Because I am a believer in the power of journaling, I have written Writing Down the Highway: Guideposts to Journaling for Self-Discovery to expain why, when and how journaling can help single mothers and all women write for self-expression.
On January 1 my ebook Writing Down the Highway will be available by download to new subscribers. Please complete the sign-up form in the sidebar or pop-up box.
Also watch for the new Journaling Prompts page for ideas to begin your own journaling journey.
Letterman and Leno are off the air now. I finished The Vampire Chronicles long ago. But I still journal, and I still sometimes eat bread in the middle of the night.
What are your experiences with journaling? Have you found journaling helps you express your thoughts and ideas?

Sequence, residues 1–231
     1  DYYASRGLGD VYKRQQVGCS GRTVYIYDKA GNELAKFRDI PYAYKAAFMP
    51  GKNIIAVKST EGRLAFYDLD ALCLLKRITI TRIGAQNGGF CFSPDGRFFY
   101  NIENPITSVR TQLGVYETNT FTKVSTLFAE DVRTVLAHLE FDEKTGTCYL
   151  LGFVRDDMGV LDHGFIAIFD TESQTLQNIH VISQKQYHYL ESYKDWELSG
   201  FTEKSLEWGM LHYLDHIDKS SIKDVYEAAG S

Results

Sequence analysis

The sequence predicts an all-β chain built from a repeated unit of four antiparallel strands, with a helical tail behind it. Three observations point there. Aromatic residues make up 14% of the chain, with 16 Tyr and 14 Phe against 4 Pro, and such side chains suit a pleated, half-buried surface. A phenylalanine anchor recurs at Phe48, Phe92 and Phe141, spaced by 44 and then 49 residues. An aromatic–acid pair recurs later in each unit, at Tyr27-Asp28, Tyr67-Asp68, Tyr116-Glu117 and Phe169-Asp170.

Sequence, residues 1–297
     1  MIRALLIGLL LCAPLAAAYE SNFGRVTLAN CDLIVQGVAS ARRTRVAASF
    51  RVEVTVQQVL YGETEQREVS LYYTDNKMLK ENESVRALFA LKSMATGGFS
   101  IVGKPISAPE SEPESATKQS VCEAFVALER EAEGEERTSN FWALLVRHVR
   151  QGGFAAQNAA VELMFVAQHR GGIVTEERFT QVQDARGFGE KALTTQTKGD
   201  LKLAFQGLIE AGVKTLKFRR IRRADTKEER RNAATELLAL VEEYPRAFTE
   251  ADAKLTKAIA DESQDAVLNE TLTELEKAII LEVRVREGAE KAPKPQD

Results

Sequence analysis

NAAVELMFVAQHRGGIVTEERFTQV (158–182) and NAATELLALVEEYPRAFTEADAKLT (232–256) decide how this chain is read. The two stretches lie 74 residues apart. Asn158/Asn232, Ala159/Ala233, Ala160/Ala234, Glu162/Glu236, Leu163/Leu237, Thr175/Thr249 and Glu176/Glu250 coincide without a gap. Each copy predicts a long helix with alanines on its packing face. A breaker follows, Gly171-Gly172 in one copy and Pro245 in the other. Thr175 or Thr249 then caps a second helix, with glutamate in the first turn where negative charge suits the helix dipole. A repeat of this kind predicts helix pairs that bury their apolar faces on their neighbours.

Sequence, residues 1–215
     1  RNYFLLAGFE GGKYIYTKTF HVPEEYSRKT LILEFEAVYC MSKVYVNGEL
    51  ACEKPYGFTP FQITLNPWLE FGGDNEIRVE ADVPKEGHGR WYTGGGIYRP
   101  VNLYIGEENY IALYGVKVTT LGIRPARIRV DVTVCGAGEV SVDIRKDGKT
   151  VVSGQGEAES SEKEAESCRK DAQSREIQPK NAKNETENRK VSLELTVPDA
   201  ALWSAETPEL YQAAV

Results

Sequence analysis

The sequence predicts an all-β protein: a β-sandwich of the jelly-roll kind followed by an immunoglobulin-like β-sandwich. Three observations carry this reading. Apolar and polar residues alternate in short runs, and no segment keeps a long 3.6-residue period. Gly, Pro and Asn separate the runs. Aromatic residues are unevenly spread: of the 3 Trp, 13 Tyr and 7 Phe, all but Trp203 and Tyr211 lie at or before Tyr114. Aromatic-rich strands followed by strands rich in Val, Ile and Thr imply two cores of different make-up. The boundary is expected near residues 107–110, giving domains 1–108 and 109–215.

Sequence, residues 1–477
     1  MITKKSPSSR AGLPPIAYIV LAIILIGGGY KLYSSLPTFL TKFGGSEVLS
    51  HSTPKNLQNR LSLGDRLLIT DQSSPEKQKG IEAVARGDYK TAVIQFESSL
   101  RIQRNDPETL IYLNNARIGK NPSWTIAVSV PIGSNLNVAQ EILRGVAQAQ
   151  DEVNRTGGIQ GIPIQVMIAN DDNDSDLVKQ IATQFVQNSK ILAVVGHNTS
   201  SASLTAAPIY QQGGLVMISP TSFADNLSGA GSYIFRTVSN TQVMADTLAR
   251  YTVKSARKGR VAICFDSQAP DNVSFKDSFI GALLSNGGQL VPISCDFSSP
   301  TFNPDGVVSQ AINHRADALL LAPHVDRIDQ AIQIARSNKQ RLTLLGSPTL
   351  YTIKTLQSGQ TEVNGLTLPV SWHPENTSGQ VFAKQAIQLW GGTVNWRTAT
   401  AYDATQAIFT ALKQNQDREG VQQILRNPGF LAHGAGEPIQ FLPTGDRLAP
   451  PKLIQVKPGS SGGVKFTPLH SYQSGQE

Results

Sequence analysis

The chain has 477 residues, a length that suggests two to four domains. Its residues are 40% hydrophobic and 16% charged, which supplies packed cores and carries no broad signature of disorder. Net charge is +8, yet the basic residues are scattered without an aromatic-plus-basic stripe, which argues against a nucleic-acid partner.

It's Thanksgiving, so everyone will be posting gratitude lists this week, but I believe we can't have too many reminders of reasons to be grateful.
This year I am thankful for:
Dollar Tree stores
Freshly sharpened pencils
The smell of Play-Doh when I open a new jar
Electric space heaters that look like cute little stoves
Plenty of good food
And a table to share it
Friends and family and the love of God who provides for all we need
What are you thankful for this year?
May you have a blessed and beautiful Thanksgiving Day.